- Review Price: £142.98
The entry-level price for a colour laser printer continues to drop and HP’s LaserJet CP1515n comes in at under £150, if you shop around. For this kind of money you’d expect a laser printer for fairly light use, as a shared resource in the home or in a small business. That’s pretty much what HP intends this machine for.
The printer is simply laid out and is pretty much a rectangular box with the edges curved off. The front curve has a particularly wide radius and set into this at the right-hand end is the control panel.
The controls and display are covered with a high-gloss, smoked acrylic cover, which makes it singularly difficult to see the two-line by 16-character LCD display. With any kind of overhead illumination it becomes virtually indecipherable because of reflections and the lack of a back light. Above the display are two indicators for power/data and error conditions, and below are five buttons for navigating menu options and cancelling a printing job.
At the bottom of the front panel is the usual pull-out paper tray, this one taking up to 150-sheets, but less common in an entry-level colour laser is the single-sheet, multi-purpose feed which sits directly above the tray. A rather flimsy cover folds out from around this aperture to help clear any paper jams.
At the back are sockets for USB and Ethernet networking, both connections being standard. There’s very little in the way of options on the LaserJet CP1515n; no extra trays or duplexer, though you can add more memory. 150-sheets is not a lot of paper even in a home environment, so it’s a shame there isn’t an option for a second paper tray.
The printer is almost supremely easy to set up. All the toner cartridges come pre-installed and, once you’ve folded down the curved front cover of the machine, you can slide out the in-line tray holding them. Pull the orange rings to release the sealing strips and you’re ready to go. The photo conductor appears to be a lifetime component on this machine, as HP makes no mention of any consumables other than the cartridges.
The printer comes as standard with both genuine PCL 6 and emulated Postscript Level 3, but there’s little else in the way of supplied software. HP is obviously trying to reduce support calls, as the words ‘Do not connect the USB cable until told to do so’ appear in red several times during installation.
No matter what document you send to the LaserJet CP1515n, it takes around 25 seconds before feeding the first sheet to print. Whether this is warm-up, cleaning the drum or some other housekeeping, it slows the print process down. Even when it does get going, it’s not what you’d call a fast printer. Our five-page text print took 52 seconds to complete, which equates to a print speed of 5.77ppm and increasing the job size to 20 pages still only raised the speed to 9.52ppm, some way short of the 12ppm in the spec sheet.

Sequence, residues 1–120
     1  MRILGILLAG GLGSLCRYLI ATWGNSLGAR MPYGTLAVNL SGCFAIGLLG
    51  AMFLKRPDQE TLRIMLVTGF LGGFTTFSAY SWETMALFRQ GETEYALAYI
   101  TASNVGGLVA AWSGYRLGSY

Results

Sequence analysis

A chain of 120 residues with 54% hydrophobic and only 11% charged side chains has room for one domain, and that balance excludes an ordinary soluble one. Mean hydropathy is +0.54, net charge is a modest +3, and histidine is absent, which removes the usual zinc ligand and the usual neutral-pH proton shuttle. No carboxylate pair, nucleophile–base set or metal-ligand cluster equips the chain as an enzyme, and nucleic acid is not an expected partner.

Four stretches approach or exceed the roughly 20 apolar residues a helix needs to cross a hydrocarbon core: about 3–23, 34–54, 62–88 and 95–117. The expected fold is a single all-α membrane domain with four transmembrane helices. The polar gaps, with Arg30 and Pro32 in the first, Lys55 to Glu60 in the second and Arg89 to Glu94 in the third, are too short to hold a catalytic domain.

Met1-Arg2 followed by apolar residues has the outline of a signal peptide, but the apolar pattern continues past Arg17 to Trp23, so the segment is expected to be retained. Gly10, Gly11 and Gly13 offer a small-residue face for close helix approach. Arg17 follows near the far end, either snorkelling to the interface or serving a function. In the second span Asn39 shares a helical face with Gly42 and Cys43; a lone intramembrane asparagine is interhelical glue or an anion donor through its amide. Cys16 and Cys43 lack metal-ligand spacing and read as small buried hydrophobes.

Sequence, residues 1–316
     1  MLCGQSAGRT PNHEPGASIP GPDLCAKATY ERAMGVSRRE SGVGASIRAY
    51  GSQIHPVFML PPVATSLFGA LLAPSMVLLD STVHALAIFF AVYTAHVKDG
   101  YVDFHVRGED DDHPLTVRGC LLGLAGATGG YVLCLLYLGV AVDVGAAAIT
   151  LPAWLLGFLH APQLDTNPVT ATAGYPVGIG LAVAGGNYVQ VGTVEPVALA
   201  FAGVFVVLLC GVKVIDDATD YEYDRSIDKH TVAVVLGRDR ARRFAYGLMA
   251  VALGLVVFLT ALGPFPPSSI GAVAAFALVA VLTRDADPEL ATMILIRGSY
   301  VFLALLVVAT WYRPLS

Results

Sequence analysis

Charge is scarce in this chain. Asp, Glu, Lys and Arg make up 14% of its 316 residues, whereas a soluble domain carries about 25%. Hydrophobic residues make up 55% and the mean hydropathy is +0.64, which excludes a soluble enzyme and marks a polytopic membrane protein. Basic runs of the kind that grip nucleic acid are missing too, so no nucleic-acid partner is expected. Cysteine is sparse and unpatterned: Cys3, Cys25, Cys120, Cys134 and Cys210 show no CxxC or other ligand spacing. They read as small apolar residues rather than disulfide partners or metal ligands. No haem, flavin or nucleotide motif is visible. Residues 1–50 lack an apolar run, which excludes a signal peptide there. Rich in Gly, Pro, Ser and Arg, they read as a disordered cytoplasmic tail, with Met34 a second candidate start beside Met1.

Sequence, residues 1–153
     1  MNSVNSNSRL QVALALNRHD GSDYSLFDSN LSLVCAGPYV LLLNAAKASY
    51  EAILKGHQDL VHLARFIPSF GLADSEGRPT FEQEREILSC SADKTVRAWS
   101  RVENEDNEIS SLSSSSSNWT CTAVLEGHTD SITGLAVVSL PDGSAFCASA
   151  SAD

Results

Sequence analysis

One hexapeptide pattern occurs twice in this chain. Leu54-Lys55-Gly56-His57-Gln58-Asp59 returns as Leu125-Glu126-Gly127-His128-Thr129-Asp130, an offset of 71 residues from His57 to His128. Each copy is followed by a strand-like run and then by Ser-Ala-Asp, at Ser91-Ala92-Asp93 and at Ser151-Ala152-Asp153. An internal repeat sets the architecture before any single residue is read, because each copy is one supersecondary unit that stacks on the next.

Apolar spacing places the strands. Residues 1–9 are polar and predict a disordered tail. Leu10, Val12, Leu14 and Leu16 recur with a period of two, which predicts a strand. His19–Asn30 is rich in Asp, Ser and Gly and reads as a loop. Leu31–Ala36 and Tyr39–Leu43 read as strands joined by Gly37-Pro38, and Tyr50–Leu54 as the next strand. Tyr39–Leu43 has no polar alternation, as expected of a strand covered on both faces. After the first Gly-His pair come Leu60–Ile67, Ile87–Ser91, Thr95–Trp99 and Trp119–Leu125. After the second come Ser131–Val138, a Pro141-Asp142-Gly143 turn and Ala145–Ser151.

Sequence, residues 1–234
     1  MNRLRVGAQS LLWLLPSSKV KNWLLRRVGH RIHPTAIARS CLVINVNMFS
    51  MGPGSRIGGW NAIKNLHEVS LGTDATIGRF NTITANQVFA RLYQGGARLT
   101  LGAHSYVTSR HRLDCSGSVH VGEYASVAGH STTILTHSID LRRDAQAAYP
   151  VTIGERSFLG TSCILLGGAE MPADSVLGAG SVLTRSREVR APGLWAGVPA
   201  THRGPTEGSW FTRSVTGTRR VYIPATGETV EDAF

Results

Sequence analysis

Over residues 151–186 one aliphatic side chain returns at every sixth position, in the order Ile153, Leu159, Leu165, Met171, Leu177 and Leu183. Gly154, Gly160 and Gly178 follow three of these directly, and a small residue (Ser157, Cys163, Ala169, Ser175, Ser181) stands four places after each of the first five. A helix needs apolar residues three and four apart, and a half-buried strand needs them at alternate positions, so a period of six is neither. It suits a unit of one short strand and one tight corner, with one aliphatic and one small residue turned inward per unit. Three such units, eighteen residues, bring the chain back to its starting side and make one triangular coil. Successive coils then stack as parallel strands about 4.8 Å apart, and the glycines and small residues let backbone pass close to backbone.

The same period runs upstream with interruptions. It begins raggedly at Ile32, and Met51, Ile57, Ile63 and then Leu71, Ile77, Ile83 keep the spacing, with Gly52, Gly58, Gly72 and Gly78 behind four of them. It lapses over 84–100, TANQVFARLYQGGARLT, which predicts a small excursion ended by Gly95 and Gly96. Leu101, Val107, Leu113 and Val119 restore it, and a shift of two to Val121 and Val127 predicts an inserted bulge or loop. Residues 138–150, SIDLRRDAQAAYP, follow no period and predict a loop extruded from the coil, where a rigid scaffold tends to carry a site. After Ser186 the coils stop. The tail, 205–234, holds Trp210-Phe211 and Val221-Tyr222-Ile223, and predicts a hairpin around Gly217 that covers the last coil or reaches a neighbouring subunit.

Printing in colour produced a speed of 4.55ppm for our five-page text and colour graphics test, against a rated speed of 8.0ppm. Finally, it took 24 seconds to print a 15 x 10cm photo print on a single A4 sheet.
This printer uses HP’s ColorSphere toner designed to have particularly spherical particles and the pages we produced at the printer’s standard resolution of 600dpi were extremely clean. There’s virtually no sign of misplaced toner and even at small sizes, curves and diagonals are crisp and dark.
Colours are vivid and bright, perhaps a little too intense in places, though registration of black over colour is good for an entry-level colour laser, with very little haloing in evidence. Even the photo print, usually a source of ridicule for anybody who owns an inkjet, is reasonably reproduced with good shadow detail, no apparent banding and a reasonable colour gamut.
The only running cost on this machine is the toner cartridges and shopping around we found these at around £45 each. With a black page yield of 2,200 and 1,400 for colour, the costs per page come out at 2.92p for black and 12.1p for colour.
These are reasonable costs in comparison with other colour lasers in this marketplace, though if you add up the cost of four cartridges it comes to about £50 more than the cost of a new printer, which is never a good thing, eco-logically. To try and mitigate against this HP supplies ‘starter’ cartridges with the printer, good for only 750 pages each. That’s one way to get the purchase price down.
If you want good quality colour laser prints and only have £150 in your pocket, it’s hard to go far wrong with the LaserJet CP1515n. It does the job well, though not that quickly and has a couple of small shortcomings, but it’s primarily the print quality you buy for and you get that here.
Score in detail
Print Speed 7
Print Quality 9
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